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Cathea M. Carey, Researcher

 

Seattle, WA

“I imagine one of the reasons people cling to their hates so stubbornly is because they sense, once hate is gone, they will be forced to deal with pain.” -James. Baldwin’s The Fire Next Time

 

What neighborhood, city or space affirms your Blackness?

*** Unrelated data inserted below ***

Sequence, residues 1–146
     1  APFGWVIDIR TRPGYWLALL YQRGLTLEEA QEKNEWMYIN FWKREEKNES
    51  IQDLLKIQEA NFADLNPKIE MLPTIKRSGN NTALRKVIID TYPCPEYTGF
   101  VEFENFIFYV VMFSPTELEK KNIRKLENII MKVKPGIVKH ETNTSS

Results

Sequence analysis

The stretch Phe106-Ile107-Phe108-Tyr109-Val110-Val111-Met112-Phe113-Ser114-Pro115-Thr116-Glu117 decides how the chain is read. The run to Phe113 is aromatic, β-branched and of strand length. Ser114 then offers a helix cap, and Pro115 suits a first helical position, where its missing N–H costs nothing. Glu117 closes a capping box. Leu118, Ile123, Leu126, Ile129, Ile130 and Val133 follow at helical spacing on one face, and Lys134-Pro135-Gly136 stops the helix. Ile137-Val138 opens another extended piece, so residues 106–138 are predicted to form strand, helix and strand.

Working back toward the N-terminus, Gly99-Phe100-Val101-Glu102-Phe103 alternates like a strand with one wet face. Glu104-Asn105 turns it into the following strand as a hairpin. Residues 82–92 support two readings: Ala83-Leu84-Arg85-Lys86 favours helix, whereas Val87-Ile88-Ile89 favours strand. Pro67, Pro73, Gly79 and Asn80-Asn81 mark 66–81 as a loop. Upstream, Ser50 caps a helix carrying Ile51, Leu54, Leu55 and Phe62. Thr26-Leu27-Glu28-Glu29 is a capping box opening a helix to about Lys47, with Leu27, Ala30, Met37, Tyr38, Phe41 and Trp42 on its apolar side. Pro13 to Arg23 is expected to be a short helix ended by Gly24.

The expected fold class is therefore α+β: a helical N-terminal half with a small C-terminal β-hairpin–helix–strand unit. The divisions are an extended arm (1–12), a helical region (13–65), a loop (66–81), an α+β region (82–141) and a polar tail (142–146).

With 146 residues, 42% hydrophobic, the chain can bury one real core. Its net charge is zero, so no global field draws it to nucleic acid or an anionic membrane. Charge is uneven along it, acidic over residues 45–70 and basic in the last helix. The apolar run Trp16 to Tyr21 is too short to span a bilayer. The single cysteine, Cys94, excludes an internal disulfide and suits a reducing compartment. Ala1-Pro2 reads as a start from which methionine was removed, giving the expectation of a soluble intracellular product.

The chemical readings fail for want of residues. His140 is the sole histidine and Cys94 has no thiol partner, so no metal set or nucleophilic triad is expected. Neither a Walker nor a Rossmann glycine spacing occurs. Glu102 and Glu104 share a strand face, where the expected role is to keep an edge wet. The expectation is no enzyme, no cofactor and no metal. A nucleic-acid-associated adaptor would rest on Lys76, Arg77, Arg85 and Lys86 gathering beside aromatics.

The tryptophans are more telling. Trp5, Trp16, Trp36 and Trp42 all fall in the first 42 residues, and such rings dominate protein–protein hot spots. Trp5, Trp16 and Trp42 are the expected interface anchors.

It’s hard to find a defined and consistent space that affirms my Blackness, I was born in Lakewood, Washington but have lived here in Seattle since 2009. But for me, my blackness stems from my parent’s southern upbringing – my mother is from Alabama and my father is from Arkansas. To me, Blackness is the presence strong Southern Black Families, and for us it was through the food we made each night or weekend phone calls with relatives. During the summers, Blackness growing up were family vacations, chilling with relatives at cookouts or going over to your auntie’s house for a late lunch or dinner. In Seattle, experiences of any kind of Blackness are few and far between. Even on campus, just the appears of Blackness is sprinkled across the lecture hall and in the faculty. I think for me, this makes space that affirms my Blackness fluid, ever changing, which can make it difficult for me to feel like I belong here. In this political climate, it feels like the hate fills any space fuller than one’s identity. As a researcher, I would like to see more spaces for that allow for not just my Blackness but the diversity of Blackness through equity and changes in population health.